The Metro Planning Commission has until April 10 to present its final proposals on new district maps, and the Metro Council has until May 1 to approve those new lines.

The Lawsuits

A panel of three state judges in Tennessee heard arguments Tuesday in a case seeking an injunction on the law, according to Courthouse News Service.
The council filed its lawsuit against the state March 13 (pdf) in Davidson County Chancery Court, claiming the state violated a host of its own laws with the legislation.

“This is a radical infringement on local sovereignty,” an attorney representing the council told the panel Tuesday, according to the outlet. “This has been a rushed, chaotic redistricting process with a constant flurry of issues to address. Metro Nashville is having to make extraordinarily important public policy decisions right now based on an unconstitutional law and they have very little time to do that.”

A second lawsuit alleging the same problems with the legislation was filed (pdf) in the chancery court on March 28 by “voters, candidates for Metropolitan Council, and current Metropolitan Councilmembers.”

Metro History

Nashville’s consolidation into the Metro Government of Nashville and Davidson County was one of the first true consolidations of city and county governments in the United States, according to Davidson County historian Carole Bucy (pdf).

After several failed attempts to get voters on board with the consolidation, voters were in favor of the measure in 1962 and it went into effect in 1963.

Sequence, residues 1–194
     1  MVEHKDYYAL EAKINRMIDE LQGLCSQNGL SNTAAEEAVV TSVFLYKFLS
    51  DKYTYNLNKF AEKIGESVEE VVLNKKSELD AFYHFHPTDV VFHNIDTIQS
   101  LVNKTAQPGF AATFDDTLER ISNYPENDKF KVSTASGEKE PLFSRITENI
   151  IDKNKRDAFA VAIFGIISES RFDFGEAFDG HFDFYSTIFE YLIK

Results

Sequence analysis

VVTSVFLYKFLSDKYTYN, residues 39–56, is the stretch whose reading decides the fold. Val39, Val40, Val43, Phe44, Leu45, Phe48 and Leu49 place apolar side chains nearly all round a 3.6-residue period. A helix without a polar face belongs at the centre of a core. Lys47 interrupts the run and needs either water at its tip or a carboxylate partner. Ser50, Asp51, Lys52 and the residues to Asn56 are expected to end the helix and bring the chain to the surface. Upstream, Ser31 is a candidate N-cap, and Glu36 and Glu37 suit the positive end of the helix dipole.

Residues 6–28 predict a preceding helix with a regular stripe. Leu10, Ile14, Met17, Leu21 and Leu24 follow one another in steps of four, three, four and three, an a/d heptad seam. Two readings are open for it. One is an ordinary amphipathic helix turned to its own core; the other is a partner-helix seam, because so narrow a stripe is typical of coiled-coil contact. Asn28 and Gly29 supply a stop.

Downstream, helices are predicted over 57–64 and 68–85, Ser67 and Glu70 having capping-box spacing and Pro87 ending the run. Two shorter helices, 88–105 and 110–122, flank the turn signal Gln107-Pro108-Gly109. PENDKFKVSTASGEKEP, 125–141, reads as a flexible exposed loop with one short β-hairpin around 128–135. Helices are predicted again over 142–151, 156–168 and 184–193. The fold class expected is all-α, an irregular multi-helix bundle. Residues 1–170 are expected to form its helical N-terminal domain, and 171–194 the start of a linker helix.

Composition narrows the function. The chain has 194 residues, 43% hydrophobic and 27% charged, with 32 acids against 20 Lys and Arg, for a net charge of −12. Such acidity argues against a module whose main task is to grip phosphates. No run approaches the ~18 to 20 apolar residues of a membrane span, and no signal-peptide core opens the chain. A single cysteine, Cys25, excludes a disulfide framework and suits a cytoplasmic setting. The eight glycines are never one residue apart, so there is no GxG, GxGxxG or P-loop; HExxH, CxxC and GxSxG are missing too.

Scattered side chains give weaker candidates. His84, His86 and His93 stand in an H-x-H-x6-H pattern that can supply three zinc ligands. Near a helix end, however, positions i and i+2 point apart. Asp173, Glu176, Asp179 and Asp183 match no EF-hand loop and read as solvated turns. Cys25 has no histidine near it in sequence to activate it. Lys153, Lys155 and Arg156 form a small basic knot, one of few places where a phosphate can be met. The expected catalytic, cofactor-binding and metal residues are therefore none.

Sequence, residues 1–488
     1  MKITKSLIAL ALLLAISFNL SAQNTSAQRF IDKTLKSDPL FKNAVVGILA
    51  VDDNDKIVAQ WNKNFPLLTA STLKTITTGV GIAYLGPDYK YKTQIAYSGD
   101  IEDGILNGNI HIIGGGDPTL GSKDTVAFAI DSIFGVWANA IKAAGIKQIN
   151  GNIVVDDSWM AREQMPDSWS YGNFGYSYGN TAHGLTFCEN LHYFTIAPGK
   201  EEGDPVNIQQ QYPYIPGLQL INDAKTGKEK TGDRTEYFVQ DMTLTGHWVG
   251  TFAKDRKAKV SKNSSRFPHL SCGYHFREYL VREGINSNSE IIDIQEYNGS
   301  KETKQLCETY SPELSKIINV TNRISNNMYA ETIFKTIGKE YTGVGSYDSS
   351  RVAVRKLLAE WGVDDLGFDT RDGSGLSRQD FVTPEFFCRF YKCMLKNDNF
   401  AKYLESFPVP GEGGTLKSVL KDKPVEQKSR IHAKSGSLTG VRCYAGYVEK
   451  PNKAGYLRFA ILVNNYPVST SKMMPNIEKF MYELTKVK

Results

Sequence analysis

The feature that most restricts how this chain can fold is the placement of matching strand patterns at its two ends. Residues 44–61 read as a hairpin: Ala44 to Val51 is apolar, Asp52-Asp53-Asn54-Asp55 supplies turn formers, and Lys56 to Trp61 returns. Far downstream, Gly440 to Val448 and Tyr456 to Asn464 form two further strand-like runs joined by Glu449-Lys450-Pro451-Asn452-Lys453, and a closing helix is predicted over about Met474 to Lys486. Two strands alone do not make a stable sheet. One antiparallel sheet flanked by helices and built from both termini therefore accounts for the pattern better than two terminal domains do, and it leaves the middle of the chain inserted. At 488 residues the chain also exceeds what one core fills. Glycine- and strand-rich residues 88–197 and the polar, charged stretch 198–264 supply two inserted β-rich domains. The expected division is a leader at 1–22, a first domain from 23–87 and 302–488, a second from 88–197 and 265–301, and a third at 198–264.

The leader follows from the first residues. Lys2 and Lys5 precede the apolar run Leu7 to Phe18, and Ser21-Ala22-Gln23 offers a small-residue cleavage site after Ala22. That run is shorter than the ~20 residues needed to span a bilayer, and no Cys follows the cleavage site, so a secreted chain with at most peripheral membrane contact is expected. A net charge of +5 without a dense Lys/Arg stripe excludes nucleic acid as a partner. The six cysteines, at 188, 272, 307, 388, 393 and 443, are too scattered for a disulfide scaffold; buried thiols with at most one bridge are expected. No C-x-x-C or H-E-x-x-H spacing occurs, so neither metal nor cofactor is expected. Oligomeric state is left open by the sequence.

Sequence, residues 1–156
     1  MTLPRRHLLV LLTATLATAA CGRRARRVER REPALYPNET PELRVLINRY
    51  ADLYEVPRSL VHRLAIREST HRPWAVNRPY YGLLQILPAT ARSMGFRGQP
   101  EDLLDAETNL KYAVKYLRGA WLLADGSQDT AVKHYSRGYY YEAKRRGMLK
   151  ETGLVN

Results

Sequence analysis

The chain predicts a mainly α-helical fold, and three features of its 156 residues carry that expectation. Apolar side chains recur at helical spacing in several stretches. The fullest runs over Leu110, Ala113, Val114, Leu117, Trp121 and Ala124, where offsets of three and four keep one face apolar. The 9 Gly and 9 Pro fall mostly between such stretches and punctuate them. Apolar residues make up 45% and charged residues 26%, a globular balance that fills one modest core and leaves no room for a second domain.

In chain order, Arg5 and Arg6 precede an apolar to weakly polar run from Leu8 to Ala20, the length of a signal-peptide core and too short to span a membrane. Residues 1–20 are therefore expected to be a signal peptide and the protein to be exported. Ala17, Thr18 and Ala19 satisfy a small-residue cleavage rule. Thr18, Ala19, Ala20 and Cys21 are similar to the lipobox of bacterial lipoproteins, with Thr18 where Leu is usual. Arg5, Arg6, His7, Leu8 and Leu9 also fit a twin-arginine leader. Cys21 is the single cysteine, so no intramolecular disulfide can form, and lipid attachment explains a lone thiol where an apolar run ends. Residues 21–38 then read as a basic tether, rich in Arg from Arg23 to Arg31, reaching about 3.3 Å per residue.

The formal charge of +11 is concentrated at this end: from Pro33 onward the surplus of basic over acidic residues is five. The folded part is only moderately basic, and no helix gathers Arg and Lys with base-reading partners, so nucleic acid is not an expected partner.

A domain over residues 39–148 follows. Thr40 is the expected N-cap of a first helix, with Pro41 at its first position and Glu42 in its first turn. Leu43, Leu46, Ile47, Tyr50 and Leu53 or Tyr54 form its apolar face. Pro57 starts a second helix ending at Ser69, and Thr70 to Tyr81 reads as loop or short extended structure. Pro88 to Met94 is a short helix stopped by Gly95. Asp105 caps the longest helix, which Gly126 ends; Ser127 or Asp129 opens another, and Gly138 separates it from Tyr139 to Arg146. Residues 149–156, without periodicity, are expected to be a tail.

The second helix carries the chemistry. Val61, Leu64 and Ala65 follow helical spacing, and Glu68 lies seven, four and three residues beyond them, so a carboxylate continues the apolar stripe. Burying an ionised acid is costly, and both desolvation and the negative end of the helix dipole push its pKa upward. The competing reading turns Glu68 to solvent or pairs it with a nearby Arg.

“Nashville became the national pioneer in metropolitan organization,” Bucy wrote. “Although other cities had partial consolidation, Nashville was the first city in the country to achieve true consolidation.”

The Metropolitan Government of Nashville and Davidson County Courthouse and City Hall as seen from 2nd Ave. N on March 29, 2023. (Chase Smith/The Epoch Times)
The Metropolitan Government of Nashville and Davidson County Courthouse and City Hall as seen from 2nd Ave. N on March 29, 2023. (Chase Smith/The Epoch Times)
A ballot measure in Nashville to change the size of the council in 2015 failed, with 62 percent of voters being against the measure. It would have reduced the number of council members to 27. The current system has 35 district-elected members and five at-large elected members.

Metro’s governing body was the third largest in the country at the time, only behind New York City and Chicago governing bodies. At the same time, it was the 25th largest city in the United States, according to 2013 census data.

Since then, Nashville has grown to become the 20th largest city in the United States, according to 2020 census data.

GOP Legislature’s Reasoning Behind Law

Nashville’s council is independent in practice, with all seats being non-partisan. However, Nashville in federal and state elections has been reliably Democratic, and Mayor John Cooper said although the office is nonpartisan, he is a Democrat.

State House Majority Leader Republican William Lamberth, a Republican, said the proposed legislation is good government.

“When government grows beyond a certain size, it hinders economic growth, taxes are inevitably raised and the standard of living for the average citizen is diminished,” Lamberth said.

State Sen. Bo Watson, the Republican sponsor in the Tennessee Senate, echoed that sentiment.

“Local government bodies need to be a size that allows them to function efficiently and effectively without compromising their duty to represent the people,” he said.

Chase is an award-winning journalist. He covers national news for The Epoch Times and is based out of Tennessee. For news tips, send Chase an email at [email protected] or connect with him on X.